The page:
At seven pm, a certified nursing assistant arrived and shortly thereafter, our good friend Briana came with food for us. Briana sat on the bed opposite of Mom with me and gave me strength. When she left, the nurse encouraged me to eat something and to get some sleep. I left Mom in her care and ate a little of the delicious food Briana had brought. I had a headache the likes of which I've never had before, and every time my eyes welled up with tears, the pain was worse.
Finally, at 8:15 PM I decided to go upstairs and try to take a nap. I went and checked on Mom again, nothing was changed. I left the room and had one foot on the stairs when I turned around and went back to her room. Something in me sensed the end was near.
David went with me and we were both on our knees next to Mom's bed. I took her poor, cold, work-worn hand in mine and wept anew when I saw her fingernails were turning blue. She was so cold; but the nurses said it would make her passing more difficult to pile blankets on.
Her breathing was worse now; the gaps in between were longer. I told her how much I loved her, how we all loved her, and that it was okay, oh, Mom, it is okay, you can go. I will be fine, you've been the best Mama anyone could ever ask for, please, please, rest. I'm sorry for losing my patience, I have always, always loved you.....please forgive me.......and I love you....I love you................
And then her breathing stopped. The pulse in her neck beat a few more times, and it was over at 8:30 PM.
David and I clung to each other, sobbing. Carl hugged us both.
96 years of love. Oh....I'm selfish......I wanted even more.
In the hours that followed, things were like a foggy dream. Another nurse arrived to pronounce Mom's death, calls were made to coroner and the funeral home; while this went on, I knelt on the floor next to Mom's bed, holding her hand. Dave stayed with me, hugging me tight.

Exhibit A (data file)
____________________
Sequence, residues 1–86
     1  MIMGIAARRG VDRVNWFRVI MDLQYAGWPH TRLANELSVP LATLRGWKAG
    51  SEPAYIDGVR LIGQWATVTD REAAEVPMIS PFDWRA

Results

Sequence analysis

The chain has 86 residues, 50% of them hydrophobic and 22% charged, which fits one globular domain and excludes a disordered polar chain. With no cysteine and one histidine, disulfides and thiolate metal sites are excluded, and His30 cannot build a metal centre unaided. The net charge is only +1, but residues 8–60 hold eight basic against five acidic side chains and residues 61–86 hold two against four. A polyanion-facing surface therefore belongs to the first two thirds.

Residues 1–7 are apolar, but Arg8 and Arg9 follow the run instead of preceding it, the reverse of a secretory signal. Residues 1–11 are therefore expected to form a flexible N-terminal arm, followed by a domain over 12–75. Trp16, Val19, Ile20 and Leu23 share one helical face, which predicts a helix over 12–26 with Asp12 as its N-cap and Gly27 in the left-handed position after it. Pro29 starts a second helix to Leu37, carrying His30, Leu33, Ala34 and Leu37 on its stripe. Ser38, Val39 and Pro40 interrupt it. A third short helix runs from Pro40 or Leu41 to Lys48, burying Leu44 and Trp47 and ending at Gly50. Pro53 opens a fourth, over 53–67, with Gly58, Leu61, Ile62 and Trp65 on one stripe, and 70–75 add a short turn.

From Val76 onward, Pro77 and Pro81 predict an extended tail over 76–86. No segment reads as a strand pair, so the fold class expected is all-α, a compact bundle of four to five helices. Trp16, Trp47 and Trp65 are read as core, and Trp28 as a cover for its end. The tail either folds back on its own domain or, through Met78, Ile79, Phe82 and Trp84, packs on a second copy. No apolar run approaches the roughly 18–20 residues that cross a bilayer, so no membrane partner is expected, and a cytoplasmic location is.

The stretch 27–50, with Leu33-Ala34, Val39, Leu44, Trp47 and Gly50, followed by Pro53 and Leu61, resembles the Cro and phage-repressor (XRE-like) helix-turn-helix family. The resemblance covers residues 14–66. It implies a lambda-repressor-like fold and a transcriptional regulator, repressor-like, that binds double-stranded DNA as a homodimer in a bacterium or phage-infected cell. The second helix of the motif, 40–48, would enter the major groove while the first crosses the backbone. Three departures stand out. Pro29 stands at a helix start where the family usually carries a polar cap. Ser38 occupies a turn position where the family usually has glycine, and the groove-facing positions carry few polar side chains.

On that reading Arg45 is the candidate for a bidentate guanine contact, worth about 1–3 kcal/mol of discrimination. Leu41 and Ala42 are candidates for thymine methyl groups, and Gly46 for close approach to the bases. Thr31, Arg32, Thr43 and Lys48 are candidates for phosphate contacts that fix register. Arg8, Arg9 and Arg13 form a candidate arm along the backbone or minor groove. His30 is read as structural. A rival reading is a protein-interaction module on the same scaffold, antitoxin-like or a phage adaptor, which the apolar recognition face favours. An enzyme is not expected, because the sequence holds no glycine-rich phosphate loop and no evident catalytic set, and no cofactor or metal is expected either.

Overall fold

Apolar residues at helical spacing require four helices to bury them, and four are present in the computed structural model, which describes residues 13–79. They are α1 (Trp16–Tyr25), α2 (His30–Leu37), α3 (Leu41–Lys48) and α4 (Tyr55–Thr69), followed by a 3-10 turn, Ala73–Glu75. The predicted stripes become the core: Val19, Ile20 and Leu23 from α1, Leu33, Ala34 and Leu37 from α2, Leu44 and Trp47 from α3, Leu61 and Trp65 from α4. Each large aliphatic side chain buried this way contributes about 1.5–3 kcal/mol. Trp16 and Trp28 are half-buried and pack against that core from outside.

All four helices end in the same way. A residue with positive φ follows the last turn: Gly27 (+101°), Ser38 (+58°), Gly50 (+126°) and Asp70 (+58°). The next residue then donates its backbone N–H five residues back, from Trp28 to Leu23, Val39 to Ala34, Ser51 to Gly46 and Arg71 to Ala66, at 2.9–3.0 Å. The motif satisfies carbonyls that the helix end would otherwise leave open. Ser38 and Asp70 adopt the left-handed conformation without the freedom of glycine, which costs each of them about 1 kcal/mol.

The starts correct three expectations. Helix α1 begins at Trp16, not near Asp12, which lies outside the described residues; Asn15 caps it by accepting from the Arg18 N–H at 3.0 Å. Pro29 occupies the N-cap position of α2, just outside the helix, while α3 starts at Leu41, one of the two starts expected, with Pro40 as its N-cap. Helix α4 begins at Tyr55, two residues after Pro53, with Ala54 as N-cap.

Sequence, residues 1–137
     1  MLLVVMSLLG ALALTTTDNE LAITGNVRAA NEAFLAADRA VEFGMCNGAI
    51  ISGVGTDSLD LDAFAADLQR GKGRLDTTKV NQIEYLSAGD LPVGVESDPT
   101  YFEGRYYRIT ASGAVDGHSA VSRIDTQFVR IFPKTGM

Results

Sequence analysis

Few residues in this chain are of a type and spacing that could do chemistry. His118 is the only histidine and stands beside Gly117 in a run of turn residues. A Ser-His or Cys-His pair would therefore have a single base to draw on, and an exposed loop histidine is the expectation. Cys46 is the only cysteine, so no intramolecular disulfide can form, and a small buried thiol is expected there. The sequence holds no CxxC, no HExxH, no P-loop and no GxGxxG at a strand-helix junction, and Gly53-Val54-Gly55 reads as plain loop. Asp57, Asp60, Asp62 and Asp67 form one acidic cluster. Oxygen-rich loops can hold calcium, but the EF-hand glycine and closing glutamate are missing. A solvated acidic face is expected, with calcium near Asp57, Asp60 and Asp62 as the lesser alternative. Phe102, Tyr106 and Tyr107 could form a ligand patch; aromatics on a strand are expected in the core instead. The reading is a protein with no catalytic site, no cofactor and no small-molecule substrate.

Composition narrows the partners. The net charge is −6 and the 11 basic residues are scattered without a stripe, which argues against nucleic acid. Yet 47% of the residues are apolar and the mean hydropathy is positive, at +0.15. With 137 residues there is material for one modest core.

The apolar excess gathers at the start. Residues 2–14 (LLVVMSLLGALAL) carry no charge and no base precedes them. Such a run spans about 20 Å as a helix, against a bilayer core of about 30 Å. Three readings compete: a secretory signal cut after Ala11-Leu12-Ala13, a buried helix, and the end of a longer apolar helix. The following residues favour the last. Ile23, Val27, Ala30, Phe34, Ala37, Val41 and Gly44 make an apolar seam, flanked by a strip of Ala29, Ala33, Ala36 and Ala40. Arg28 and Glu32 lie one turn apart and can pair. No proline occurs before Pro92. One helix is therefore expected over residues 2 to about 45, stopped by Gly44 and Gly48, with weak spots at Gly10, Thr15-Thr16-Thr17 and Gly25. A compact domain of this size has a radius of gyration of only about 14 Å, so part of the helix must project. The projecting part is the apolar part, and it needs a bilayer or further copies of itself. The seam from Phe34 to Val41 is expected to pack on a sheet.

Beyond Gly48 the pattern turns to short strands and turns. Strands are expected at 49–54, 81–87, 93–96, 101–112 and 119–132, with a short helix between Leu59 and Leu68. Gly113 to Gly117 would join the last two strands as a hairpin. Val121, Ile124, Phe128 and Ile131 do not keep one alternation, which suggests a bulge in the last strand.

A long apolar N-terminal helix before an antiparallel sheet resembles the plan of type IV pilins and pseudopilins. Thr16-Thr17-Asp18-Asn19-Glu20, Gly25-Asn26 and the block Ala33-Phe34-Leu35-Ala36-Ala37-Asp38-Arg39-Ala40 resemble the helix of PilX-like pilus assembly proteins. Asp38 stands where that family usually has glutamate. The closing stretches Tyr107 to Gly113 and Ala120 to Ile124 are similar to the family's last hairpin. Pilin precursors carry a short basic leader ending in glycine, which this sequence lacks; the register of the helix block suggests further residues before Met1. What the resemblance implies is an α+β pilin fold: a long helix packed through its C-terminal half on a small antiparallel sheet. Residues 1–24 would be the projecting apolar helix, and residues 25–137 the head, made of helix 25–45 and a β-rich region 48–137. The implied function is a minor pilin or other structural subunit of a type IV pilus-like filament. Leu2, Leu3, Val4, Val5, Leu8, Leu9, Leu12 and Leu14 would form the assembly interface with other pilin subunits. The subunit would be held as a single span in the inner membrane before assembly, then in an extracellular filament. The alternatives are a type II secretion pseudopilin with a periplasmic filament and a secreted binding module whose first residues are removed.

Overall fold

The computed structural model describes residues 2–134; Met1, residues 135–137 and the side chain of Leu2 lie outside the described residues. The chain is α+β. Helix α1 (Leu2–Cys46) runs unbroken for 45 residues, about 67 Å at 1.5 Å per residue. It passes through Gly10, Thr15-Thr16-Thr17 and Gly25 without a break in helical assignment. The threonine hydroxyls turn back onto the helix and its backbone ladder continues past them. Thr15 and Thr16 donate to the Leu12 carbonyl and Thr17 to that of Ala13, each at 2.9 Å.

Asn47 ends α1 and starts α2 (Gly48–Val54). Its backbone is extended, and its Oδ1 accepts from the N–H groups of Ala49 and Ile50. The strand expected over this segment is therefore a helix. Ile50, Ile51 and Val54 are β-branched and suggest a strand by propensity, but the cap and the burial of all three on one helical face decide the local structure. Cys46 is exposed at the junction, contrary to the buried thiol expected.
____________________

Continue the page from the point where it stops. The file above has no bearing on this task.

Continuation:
I will write another post soon about the wonderfully caring friends and family who have supported us through this most difficult time, and yes, that extends to my blog family, too.
I am ending this post with my mother's eulogy. I wrote this eulogy over the course of two nights; burning a lot of midnight oil, because I cannot write much of anything if there is any noise in the room. Writing in solitude from midnight to 3 AM both nights was what I needed.
I did not think I could read the eulogy at Mom's funeral because I was/am a wreck. There was some discussion of having someone else read it, but that didn't pan out. Ann was here both nights and she suggested I try to read it. "It won't be the same coming from someone else."
In the end, I did deliver the speech and made it through with only a few pauses, though I almost broke down entirely when I arrived at the podium. I bit my cheek hard, and plunged in.
Here it is, a woefully incomplete tribute to the Mother I loved so very much...........
I had the privilege to be my mother's best friend for fifty-nine years. Thinking back, I either saw or spoke to her almost every day of my life. We were close. In what is probably a record of some sort between most mothers and daughters, I never had a fight with Mom. We were partners in farming, in life, and at times, in crime.
The last few months of her life were spent with Carl and I at our home. My biggest worry was getting to her in time to assist her when she needed to get up in the middle of the night. However, Mom's biggest concern was not bothering me at all because she wanted me to sleep. Enlisting the help of our sons, Joel and Dave, we had more alarms, cameras, doorbells and whistles on Mom's bedroom than Fort Knox, but she still outfoxed me quite a few times. Luckily, she never fell.
She was the sweetest patient anyone could ask for, thanking me several times a day for taking care of her. Even under the effects of morphine she'd joke when Carl would hold her hands as he walked with her, saying,"One, two, cha, cha, cha." And she marveled at my modest attempts at cooking, declaring each dish a culinary sensation. "This is delicious!"
But Mom had a long life before I came along. She was the youngest of four children born three miles from here on County Highway C on the family farm. Mom's mother, Jessie, was very ill as she had contracted tuberculosis while caring for her mother-in-law. Mom never knew the exact timeline of her mother's illness; Jessie was thirty-three when Mom was born and, sadly, only forty-one when she died. My mother had lost her own mother at the tender age of eight. She had only a few memories of her mother holding her up so she could see the birds outside of the window and of having her hair combed.
Mom's siblings were Clarence, Earl, and Eileen. When their mother passed away, Mom was eight years old. She didn't feel the loss of her mother as keenly as her brothers and sister did since she hadn't known her very well. On the day Jessie died the children were summoned to the doorway of her bedroom to say goodbye. Mom remembered her brother Earl started to cry and she looked up at him in surprise. Not knowing why he was sad, she offered him her handkerchief.